As part of the senior management rounding process, leaders have been assigned units to visit and ask questions, such as if staff has the equipment and resources they need to do their job. We’re also inviting employees to share ideas with us; if someone brings forward an idea we owe it to them to have one of three responses: “Yes that’s a great idea we’re going to do that right away”; “Yes that’s a great idea but it may take us a while to accomplish that”; or “No, we can’t do that” and explain to them why it can’t be done.  Those are words, statements and commitments that we need to follow-through on which is how we’ll continue to build trust.

The management team exists to help make it easier for the people who are actually caring for patients to get the job done. Our people need to know that senior leaders do listen to them.  We expect that anything that can be fixed by a local manager and his or her team will be fixed by them. Anything that is beyond the scope of the local leader needs to be owned and addressed by senior leadership.

One area that did not receive a positive response was the question asking if employees are satisfied with pay increases, with a 14 percent drop from the 2010 result.

We get it. In a stressful economic period, people who maintain their jobs would like to get a substantive raise.  But with an operating margin of two percent, we have 2 cents of every dollar leftover after we pay all of our bills and it’s very difficult to give large raises.  We’ve been happy to give raises in the past that hopefully aligned with increases in the cost-of-living, and we know that in families where the GBMC employee may be the only breadwinner that it could be a difficult situation.  We are looking forward to giving a two percent raise again this year before the end of the calendar year, but this is a “call-to-arms” for all GBMC employees to pay attention to the organization’s waste reduction initiatives because that is where we would get the money from to give even bigger raises in the future.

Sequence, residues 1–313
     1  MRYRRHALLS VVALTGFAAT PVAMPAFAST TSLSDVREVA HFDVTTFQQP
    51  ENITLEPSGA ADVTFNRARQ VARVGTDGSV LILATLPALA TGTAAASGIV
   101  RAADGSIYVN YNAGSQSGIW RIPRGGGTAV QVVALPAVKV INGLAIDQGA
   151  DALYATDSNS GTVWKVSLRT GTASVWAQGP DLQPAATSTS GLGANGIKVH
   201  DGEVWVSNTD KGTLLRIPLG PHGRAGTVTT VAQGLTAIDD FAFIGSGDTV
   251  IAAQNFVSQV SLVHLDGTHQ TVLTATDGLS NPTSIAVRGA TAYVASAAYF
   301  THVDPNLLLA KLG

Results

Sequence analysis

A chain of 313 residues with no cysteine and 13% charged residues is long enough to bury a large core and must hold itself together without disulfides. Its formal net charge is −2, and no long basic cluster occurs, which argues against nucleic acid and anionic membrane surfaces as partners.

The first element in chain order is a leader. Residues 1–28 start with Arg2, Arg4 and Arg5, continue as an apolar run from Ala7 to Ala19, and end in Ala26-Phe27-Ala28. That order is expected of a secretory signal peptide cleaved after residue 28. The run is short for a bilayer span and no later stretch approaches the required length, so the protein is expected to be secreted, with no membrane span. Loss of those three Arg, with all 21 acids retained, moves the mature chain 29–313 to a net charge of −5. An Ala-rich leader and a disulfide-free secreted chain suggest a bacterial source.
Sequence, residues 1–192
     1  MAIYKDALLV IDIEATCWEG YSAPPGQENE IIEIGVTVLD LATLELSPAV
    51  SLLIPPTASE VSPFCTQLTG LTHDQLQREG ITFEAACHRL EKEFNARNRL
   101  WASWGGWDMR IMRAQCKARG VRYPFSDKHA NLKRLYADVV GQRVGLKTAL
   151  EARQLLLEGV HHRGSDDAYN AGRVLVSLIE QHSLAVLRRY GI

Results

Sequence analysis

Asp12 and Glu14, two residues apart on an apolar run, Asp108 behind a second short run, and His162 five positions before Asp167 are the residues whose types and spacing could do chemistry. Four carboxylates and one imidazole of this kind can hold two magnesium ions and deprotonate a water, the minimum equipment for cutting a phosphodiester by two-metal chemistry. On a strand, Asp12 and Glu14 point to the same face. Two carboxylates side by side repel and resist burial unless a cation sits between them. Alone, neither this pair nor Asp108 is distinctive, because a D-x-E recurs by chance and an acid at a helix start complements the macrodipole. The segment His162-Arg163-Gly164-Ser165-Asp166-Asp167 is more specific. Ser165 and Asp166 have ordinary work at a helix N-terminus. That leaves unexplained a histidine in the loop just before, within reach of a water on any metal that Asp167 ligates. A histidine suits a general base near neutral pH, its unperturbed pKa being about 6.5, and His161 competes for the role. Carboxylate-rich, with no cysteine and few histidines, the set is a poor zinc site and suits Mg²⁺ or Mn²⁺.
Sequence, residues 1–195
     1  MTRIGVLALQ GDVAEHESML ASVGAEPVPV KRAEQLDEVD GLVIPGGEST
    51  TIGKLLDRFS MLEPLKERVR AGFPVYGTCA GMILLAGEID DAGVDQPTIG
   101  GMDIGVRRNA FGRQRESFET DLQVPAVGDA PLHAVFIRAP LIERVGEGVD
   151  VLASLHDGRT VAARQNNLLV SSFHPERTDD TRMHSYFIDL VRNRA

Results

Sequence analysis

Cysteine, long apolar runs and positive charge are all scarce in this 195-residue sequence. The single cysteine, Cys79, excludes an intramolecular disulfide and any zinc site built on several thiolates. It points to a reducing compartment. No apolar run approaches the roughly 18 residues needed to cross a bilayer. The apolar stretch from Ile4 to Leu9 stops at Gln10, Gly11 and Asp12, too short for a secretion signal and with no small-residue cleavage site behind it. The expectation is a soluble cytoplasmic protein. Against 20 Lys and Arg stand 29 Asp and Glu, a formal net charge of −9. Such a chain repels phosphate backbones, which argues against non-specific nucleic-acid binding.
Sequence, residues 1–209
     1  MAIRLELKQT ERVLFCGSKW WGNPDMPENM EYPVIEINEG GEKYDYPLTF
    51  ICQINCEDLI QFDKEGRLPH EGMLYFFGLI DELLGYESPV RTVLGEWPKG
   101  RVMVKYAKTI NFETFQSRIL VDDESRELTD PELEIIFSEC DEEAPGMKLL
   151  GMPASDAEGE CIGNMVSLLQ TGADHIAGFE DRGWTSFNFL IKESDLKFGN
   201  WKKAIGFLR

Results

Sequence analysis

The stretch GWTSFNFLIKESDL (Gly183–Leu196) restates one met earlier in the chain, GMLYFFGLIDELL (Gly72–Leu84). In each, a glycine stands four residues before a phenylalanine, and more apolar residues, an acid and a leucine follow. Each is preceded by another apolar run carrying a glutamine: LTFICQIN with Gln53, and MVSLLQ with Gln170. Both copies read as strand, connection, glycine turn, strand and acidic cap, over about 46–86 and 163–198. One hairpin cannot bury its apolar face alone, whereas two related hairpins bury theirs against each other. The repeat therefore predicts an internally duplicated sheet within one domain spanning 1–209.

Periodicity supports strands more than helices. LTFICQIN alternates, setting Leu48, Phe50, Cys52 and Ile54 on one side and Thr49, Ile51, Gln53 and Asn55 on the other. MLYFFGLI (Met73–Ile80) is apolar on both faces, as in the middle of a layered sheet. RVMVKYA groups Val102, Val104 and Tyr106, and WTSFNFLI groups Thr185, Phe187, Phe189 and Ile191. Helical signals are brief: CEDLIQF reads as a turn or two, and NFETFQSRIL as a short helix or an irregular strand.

Do you have any examples of unit-specific improvements that have been made as a result of senior management rounding? Please share your comments below.

Some readers of this blog may have seen the recent news that Catholic Health Initiatives, owner of St. Joseph Medical Center, has issued a request for proposals seeking a strategic partner for our neighboring Towson hospital.

Unfortunately SJMC has experienced some difficult developments in the past few years.  Although we are “competitors” in the healthcare arena, GBMC and SJMC have traditionally been united in our quest to meet the healthcare needs of Towson and neighboring communities. Whatever the outcome of the SJMC situation, many believe that the result that would make the most sense is for there to be one strong system of care in Towson that is focused on better health, better care, and more joy for those providing the care at lower cost. One strong regional system increases the ability to maintain access to existing services with the possibility of adding additional services as they are needed. Healthcare leaders must realize that one united system has a better shot of creating efficiencies to ensure that people can continue to get the care they need close to home.

Finally, I encourage all GBMC HealthCare employees to consider participating in our United Way campaign which runs through November 18. You can pledge online here:   There are many options to choose from if you’d like to keep your donation “in the GBMC family” –the Sandra & Malcolm Berman Comprehensive Breast Care Center, Geckle Diabetes & Nutrition Center, Harvey Institute for Human Genetics, Gilchrist Hospice Care, Neonatal Intensive Care Unit, or Hoover Rehabilitation Services for Low Vision.  Unrestricted gifts can also be made to the GBMC Foundation or to support the hospital in general.  As an extra incentive to donate early, all employees who contribute by 8:00 a.m. on October 17 either electronically or by dropping off paper forms at Human Resources on the 5th Floor will be entered into a drawing for an iPad 2.